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PARIS, THE NEW NORMAL? — Diana Johnstone files an in-depth report from Paris on the political reaction to the Charlie Hebdo shootings; The Treachery of the Black Political Class: Margaret Kimberley charts the rise and fall of the Congressional Black Caucus; The New Great Game: Pepe Escobar assays the game-changing new alliance between Russia and Turkey; Will the Frackers Go Bust? Joshua Frank reports on how the collapse of global oil prices might spell the end of the fracking frenzy in the Bakken Shale; The Future of the Giraffe: Ecologist Monica Bond reports from Tanzania on the frantic efforts to save one of the world’s most iconic species. Plus: Jeffrey St. Clair on Satire in the Service of Power; Chris Floyd on the Age of Terrorism and Absurdity; Mike Whitney on the Drop Dead Fed; John Wight on the rampant racism of Clint Eastwood’s “American Sniper;” John Walsh on Hillary Clinton and Lee Ballinger on the Gift of Anger.
Combatting Austerity and Post-Democracy in Greece

Syriza’s Challenge

by BINOY KAMPMARK

“Marx’s once scandalous thesis that governments are simple business agents for international capital is today an obvious fact on which ‘liberals’ and ‘socialists’ agree.”

— Jacques Rancière, Dis-agreement (1999), 113

Across Europe, and more specifically, the euro-zone, a spectre did not so much haunt as totally materialise in the form of Alex Tsipras and the Syriza party. Greece woke up to a new party that had never seen office, coming within a few seats of governing in its own right. Any European party would have salivated at such an outcome – coalitions tend to be a matter of course, and majorities normally associated with authoritarian types. In the Greek case, the order established during the post-junta period had been overturned – at least on electoral paper.

Tsipras, in just falling short of the 151 number required to form government, has sought support from other potential partners. To date, it seems that the right-wing ANEL Independent Greeks party has agreed to muck in. Both have a common anti-bailout position, though it remains to be seen what else they can find common ground about.

This immediately got the leaving incumbents speculating that the union would not last, a desperate attempt at premature Schadenfreude. Petros Doukas, former deputy finance minister, pondered that, “It’s ultimately going to be much more difficult to figure out exactly what policies they will ultimately agree on.”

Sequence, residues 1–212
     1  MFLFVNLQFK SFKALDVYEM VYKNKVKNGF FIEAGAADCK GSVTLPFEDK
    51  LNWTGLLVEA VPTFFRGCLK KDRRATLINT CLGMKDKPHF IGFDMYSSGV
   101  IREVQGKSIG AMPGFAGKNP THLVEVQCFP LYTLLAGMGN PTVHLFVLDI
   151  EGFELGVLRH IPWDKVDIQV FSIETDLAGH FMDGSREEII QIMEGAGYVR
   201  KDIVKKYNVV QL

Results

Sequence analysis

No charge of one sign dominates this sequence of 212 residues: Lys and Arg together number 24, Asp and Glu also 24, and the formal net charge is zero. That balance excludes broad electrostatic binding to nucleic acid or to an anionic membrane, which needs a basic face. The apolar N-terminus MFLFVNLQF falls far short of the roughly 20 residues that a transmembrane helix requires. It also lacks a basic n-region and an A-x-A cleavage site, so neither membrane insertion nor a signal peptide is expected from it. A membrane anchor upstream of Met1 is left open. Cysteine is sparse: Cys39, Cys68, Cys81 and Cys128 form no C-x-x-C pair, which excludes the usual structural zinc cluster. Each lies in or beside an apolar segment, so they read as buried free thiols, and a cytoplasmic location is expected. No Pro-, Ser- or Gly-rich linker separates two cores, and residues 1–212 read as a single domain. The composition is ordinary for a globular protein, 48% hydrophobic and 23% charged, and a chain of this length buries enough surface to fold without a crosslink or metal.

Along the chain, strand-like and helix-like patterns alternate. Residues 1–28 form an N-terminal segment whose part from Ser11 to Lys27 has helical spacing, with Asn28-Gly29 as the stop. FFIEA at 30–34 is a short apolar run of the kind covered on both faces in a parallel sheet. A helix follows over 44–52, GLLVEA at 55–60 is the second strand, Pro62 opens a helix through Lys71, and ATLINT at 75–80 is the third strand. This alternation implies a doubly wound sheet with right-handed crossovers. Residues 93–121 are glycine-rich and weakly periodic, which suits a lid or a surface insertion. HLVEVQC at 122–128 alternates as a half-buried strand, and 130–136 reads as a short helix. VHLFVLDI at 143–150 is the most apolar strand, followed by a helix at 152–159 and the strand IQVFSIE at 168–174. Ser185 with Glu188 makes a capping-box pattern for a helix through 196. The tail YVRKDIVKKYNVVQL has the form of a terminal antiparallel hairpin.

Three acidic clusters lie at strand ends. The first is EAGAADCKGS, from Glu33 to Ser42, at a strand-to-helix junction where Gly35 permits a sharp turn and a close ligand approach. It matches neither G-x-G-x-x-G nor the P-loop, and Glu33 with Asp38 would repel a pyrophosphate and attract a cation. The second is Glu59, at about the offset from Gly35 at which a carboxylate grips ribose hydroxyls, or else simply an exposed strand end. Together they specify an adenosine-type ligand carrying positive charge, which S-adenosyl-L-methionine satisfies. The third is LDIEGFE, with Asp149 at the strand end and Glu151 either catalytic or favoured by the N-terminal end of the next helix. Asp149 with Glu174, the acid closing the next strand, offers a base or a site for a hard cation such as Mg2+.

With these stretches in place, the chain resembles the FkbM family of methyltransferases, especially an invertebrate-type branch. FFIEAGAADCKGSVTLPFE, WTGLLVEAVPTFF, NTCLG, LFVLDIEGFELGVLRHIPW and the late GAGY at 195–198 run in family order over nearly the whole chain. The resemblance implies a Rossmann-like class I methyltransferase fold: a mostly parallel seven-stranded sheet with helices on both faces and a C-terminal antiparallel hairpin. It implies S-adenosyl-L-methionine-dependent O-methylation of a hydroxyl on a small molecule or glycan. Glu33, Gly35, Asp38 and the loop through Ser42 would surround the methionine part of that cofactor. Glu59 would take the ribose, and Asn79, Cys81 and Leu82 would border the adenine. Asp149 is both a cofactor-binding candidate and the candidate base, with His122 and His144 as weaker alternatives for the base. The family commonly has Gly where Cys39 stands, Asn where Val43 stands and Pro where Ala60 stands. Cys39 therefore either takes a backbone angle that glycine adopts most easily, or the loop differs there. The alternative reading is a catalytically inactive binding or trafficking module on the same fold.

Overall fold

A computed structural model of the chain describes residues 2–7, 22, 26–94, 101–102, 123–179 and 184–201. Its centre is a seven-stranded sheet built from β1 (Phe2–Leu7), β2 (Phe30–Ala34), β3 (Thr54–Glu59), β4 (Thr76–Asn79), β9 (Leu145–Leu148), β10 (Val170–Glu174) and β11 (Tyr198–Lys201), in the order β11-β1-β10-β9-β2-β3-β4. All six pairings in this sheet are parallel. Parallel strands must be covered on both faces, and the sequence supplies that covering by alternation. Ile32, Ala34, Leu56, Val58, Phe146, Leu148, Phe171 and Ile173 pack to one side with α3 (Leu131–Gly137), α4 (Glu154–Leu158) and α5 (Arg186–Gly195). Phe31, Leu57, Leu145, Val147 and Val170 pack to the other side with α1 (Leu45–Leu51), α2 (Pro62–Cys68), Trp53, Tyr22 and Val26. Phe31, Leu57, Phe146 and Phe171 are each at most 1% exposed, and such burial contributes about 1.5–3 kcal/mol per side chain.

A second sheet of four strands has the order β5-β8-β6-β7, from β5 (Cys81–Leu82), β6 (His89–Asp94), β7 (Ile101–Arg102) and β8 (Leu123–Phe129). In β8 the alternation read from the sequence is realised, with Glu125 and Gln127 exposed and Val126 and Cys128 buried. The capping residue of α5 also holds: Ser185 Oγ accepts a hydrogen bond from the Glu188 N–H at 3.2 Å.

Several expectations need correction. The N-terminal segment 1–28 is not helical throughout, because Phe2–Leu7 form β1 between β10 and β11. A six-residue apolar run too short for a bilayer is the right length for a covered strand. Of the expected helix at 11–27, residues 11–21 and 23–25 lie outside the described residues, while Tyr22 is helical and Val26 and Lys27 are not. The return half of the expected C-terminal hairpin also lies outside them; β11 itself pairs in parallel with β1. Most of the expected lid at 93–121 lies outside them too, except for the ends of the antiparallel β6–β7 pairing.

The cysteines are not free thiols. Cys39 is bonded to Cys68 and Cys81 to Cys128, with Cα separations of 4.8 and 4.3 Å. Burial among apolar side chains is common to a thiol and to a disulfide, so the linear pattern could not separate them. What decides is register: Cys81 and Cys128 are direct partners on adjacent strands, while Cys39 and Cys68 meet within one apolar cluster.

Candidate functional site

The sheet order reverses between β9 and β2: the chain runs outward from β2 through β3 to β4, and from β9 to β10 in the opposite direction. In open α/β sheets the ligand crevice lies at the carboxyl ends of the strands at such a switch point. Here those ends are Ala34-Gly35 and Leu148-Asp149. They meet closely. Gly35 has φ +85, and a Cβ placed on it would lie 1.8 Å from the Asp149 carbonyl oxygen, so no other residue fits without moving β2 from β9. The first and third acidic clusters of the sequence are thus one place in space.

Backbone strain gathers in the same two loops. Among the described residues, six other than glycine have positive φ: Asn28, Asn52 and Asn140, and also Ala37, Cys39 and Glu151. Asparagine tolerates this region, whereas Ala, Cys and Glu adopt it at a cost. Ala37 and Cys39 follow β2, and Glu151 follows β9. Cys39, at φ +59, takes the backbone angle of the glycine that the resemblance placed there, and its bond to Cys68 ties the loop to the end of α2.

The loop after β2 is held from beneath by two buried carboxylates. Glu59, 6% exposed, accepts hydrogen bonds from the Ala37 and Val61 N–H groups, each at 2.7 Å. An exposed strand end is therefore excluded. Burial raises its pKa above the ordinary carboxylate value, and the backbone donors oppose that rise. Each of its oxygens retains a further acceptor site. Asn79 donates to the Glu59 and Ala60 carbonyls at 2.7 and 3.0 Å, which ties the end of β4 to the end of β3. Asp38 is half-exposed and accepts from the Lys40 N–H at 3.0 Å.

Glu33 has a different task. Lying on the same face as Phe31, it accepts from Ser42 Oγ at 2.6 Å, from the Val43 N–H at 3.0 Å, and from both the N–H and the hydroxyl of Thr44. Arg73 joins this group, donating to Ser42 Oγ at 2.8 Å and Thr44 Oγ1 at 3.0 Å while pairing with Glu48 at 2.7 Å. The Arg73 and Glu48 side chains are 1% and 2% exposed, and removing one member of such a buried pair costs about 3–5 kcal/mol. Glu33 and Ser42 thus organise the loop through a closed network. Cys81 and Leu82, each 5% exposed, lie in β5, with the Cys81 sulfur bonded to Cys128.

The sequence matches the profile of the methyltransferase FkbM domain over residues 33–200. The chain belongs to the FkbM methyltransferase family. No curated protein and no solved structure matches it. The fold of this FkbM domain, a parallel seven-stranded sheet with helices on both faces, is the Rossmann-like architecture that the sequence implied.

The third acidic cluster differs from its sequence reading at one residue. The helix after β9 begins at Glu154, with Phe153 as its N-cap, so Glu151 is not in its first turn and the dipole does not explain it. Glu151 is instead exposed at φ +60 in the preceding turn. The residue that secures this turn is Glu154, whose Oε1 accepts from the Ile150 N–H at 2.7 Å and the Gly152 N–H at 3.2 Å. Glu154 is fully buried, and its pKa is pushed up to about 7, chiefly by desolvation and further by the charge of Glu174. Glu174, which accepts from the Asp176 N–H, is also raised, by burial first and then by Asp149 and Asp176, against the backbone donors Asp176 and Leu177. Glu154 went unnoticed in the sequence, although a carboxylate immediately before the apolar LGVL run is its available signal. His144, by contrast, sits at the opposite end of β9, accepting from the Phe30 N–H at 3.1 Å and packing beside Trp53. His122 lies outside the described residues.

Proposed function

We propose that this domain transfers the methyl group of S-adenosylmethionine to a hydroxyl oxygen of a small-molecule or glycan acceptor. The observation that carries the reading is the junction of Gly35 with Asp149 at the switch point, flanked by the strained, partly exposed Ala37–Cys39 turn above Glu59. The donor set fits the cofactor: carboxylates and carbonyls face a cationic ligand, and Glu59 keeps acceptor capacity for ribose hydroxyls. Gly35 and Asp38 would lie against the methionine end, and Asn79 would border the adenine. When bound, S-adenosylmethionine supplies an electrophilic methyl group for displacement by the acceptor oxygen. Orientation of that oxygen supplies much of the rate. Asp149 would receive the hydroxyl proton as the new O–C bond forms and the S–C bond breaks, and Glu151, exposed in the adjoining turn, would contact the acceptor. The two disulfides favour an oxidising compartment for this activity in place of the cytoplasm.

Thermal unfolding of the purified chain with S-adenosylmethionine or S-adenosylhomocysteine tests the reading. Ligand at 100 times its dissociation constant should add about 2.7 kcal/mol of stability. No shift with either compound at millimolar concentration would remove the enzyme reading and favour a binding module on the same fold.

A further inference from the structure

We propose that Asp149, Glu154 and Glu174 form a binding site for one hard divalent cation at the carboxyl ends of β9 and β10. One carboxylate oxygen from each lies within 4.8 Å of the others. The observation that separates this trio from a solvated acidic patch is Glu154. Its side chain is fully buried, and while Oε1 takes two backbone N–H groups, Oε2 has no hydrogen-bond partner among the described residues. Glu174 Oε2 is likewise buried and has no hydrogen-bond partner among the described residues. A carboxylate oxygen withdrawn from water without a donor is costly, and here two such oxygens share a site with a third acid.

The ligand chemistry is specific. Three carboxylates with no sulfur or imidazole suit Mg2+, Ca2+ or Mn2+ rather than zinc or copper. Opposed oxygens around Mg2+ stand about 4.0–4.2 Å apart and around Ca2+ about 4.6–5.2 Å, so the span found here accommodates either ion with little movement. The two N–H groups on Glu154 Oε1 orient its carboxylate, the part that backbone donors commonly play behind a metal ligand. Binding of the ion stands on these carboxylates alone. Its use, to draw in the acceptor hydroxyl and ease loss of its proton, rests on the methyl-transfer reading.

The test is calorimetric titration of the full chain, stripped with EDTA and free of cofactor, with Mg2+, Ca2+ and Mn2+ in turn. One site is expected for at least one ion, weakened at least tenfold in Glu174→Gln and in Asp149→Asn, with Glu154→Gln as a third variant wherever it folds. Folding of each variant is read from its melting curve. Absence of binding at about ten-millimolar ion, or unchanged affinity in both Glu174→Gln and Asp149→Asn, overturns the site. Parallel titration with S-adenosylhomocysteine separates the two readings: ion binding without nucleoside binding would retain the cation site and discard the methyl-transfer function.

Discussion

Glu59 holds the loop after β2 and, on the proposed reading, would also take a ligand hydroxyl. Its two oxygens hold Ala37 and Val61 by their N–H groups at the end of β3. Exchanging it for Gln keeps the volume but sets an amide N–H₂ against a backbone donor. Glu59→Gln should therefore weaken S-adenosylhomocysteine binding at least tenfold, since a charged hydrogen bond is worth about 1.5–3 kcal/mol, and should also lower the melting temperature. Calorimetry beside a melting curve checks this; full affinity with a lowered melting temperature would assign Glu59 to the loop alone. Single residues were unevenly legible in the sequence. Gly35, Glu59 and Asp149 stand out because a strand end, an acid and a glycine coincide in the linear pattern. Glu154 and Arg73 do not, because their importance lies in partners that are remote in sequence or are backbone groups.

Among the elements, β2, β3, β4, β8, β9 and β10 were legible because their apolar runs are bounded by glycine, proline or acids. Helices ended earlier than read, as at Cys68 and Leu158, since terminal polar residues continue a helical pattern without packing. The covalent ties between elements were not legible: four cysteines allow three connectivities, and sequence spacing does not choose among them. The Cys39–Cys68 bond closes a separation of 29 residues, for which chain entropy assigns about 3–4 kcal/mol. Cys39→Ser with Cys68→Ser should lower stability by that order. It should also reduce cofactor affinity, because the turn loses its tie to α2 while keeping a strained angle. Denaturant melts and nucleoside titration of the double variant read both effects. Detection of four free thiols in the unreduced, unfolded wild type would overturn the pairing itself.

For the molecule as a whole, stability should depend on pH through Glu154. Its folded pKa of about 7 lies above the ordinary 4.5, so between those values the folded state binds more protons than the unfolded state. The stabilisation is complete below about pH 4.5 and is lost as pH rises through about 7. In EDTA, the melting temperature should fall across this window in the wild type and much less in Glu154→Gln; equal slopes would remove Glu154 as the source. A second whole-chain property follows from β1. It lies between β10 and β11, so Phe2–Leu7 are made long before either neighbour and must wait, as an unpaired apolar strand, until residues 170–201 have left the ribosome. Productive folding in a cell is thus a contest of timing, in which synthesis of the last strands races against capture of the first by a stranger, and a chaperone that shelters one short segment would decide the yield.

A mixture of euphoria and terror has met the result. The latter reaction is typical of the market-managers who see earnings being whittled away in speculation and a rocking of the financial sector. The market, in such language, is a sanctified deity which should be propitiated. It is not something to control, let alone directed by human hand. It has its own inscrutable morality.

Consider the wording of Nick Squires (The Telegraph, Jan 26), as he was monitoring the numbers: “The surprise alliance between two staunchly anti-bailout parties, spooked markets and triggered a loss of nearly 4 percent on the Athens Stock Exchange as well as elsewhere in Europe.”

But the Syriza victory is more significant in another sense: the challenge it poses to democracy in the euro-zone. The issues of austerity and debt cannot be divorced from that of political management. Where, given Syriza’s jarring win, does that sit in the European rubric, frayed as it is? For one, the party faces what has been termed by French philosopher Jacques Rancière as the “post-democratic” moment.

Democratic institutions, in this age, are openly, and unquestionably, identified with the market, something which distinctly takes the gloss off their accountability for the broad citizenry. “From an allegedly defunct Marxism,” argues Rancière in Dis-agreement (1999), “the supposedly reigning liberalism borrows the theme of objective necessity, identified with the constraints and caprices of the...

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